"These very questions had tormented Ireland for centuries and were at the heart of the vicious, low-level, but apparently interminable conflict that reignited in Northern Ireland in 1968 and wound down thirty years later. If that conflict was to be resolved, there was no choice but to be radical. Things that nation-states do not like—ambiguity, contingency, multiplicity—would have to be lived with and perhaps even embraced. Irish people, for the most part, have come to terms with this necessity. The English, as the Brexit referendum suggested, have not. This is why the Irish border has such profound implications for Brexit—it is a physical token of a mental frontier that divides not just territories but ideas of what a national identity means in the twenty-first century."

"In retrospect, there is some irony in the fact that the Conservative Party in Britain, now the driving force behind Brexit, was crucial to the conceptual revolution that led to the Belfast Agreement (colloquially called the Good Friday Agreement) of 1998. Traditionally, the Conservative and Unionist Party (to give it its full title) held to the line succinctly summed up by Margaret Thatcher in 1981: “Northern Ireland is part of the United Kingdom—as much as my constituency is.” But by 1990, the Conservatives were articulating a position in which Northern Ireland was very different from Thatcher’s English constituency of Finchley. It was (and is) inconceivable that any British government would state that Finchley was free to go its own way and join, for example, France. In 1990, however, the then secretary of state for Northern Ireland, Peter Brooke, announced, in a carefully crafted phrase, that “the British government has no selfish strategic or economic interest in Northern Ireland.”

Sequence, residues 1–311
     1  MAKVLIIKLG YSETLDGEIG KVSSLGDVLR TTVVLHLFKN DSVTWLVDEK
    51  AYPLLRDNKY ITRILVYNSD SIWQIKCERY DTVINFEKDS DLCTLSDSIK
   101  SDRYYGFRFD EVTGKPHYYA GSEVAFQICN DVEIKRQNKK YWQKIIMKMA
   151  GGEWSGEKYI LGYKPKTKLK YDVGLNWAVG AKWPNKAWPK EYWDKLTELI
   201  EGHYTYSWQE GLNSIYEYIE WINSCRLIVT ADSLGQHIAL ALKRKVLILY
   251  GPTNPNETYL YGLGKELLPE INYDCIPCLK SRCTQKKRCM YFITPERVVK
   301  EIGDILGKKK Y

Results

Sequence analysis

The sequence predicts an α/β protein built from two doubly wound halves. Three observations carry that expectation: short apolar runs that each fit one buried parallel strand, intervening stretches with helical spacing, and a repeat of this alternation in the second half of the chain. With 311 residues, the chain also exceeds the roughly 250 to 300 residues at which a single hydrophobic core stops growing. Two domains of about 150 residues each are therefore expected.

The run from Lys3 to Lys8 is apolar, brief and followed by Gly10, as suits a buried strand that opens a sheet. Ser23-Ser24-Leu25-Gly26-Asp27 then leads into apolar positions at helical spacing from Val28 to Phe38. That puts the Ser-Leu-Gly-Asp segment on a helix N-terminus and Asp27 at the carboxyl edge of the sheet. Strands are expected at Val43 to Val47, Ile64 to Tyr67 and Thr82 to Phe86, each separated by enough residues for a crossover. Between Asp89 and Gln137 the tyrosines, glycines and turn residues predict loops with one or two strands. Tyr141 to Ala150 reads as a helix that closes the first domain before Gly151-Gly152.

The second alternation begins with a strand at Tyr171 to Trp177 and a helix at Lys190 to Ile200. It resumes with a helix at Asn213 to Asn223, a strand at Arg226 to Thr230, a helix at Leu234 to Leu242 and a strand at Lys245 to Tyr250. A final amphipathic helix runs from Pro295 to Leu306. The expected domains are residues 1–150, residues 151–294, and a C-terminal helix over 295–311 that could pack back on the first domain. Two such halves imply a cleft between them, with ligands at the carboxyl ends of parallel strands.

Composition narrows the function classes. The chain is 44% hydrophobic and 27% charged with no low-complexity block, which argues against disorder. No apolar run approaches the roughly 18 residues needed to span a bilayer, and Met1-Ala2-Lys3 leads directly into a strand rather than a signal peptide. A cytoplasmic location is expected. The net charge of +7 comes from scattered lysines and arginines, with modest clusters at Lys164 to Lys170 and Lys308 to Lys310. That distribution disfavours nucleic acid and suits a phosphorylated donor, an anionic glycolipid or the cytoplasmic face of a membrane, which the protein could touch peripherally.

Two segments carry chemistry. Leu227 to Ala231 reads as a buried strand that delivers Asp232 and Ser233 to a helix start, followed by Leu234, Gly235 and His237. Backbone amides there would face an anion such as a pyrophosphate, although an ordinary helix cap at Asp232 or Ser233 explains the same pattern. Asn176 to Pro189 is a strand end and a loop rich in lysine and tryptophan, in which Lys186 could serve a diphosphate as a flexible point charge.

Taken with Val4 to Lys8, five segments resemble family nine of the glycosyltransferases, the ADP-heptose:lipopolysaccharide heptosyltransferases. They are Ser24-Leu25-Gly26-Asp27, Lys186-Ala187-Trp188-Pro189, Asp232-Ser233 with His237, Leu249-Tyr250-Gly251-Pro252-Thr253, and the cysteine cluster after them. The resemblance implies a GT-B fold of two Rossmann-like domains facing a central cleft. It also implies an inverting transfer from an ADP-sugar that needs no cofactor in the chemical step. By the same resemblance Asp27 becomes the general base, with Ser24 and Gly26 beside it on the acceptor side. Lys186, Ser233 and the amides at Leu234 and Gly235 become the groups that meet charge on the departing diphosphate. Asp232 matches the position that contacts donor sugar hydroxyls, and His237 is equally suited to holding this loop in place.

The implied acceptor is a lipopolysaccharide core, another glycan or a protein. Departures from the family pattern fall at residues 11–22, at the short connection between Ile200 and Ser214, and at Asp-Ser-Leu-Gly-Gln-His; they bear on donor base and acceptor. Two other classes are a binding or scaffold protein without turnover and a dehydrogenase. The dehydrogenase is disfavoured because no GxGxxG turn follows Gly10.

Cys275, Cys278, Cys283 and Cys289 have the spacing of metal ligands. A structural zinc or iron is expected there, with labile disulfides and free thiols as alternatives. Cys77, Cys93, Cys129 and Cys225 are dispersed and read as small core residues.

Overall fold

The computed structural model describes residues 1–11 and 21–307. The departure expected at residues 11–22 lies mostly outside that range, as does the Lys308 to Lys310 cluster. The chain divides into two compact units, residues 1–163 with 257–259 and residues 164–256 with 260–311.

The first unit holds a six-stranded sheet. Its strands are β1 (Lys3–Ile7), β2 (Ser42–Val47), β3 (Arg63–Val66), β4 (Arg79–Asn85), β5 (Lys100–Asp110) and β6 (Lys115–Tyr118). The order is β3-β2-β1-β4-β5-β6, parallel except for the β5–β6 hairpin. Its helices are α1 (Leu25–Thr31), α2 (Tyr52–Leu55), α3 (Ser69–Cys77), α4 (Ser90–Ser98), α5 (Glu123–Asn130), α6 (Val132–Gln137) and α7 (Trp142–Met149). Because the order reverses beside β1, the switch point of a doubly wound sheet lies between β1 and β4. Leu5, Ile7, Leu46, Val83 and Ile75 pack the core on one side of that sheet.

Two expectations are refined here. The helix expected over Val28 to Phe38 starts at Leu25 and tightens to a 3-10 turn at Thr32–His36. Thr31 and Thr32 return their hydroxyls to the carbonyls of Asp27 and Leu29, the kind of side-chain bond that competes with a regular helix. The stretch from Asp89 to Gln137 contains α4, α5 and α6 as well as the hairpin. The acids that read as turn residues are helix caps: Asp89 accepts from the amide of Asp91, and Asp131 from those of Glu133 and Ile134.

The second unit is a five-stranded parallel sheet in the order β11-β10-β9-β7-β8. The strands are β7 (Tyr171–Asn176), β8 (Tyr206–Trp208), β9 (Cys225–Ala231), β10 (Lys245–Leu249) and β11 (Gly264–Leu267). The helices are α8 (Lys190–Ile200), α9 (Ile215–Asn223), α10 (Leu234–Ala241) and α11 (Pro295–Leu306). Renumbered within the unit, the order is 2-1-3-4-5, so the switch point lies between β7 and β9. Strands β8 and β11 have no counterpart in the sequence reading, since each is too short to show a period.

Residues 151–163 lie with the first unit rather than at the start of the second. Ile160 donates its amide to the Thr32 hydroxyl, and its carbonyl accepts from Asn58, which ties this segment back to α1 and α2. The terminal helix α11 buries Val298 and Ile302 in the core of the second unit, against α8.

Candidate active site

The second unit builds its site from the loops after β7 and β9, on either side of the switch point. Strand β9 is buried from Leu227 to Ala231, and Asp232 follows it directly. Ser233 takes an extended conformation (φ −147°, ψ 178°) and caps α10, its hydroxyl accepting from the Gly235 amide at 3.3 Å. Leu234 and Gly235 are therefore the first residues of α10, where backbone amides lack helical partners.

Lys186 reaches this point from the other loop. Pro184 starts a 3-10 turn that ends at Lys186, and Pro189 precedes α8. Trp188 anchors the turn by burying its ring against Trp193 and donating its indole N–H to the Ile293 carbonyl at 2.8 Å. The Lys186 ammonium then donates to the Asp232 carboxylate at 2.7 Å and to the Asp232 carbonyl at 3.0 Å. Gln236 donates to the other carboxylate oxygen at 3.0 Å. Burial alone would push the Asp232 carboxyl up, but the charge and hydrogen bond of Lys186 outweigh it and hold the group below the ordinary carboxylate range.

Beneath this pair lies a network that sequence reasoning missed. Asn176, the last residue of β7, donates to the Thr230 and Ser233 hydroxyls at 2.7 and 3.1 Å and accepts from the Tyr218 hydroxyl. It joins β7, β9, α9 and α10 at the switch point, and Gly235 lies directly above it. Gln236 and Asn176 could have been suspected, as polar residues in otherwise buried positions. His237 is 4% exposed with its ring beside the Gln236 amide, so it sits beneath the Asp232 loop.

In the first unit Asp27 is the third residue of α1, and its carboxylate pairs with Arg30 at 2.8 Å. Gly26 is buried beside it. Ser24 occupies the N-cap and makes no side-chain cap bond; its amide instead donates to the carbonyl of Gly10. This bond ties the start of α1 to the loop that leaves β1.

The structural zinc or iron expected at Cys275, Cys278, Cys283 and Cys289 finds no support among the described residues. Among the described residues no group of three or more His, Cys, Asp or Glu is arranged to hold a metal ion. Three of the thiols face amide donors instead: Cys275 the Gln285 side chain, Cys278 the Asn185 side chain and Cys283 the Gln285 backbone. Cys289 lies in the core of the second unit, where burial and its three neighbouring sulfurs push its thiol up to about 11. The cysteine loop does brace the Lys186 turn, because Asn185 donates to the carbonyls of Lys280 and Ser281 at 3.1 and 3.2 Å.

This phrase, since embedded in international law through the Belfast Agreement, is remarkable in itself: sovereign governments are not in the business of declaring themselves neutral and disinterested on the question of whether a part of their own state should ultimately cease to be so. Even more remarkable, however, is that this fundamental shift in British thinking was mirrored in a similar shift in the Irish position. Since Ireland became independent in 1922, its governments had always looked on Northern Ireland as a part of its national territory unjustly and temporarily amputated by the partition of the island. Now, Ireland too withdrew its territorial claim—in 1998 its people voted overwhelmingly to drop it from their constitution and replace it with a stated desire “in harmony and friendship, to unite all the people who share the territory of the island of Ireland, in all the diversity of their identities and traditions.” Those plurals resonate."

"In its most startling paragraph the Belfast Agreement recognizes “the birthright of all the people of Northern Ireland to identify themselves and be accepted as Irish or British, or both, as they may so choose.” It accepts, in other words, that national identity (and the citizenship that flows from it) is a matter of choice. Even more profoundly, it accepts that this choice is not binary. If you’re born in Northern Ireland, you have an unqualified right to hold an Irish passport, a British passport, or each of the two. Those lovely little words “or both” stand as a rebuke to all absolutist ideas of nationalism. Identities are fluid, contingent, and multiple."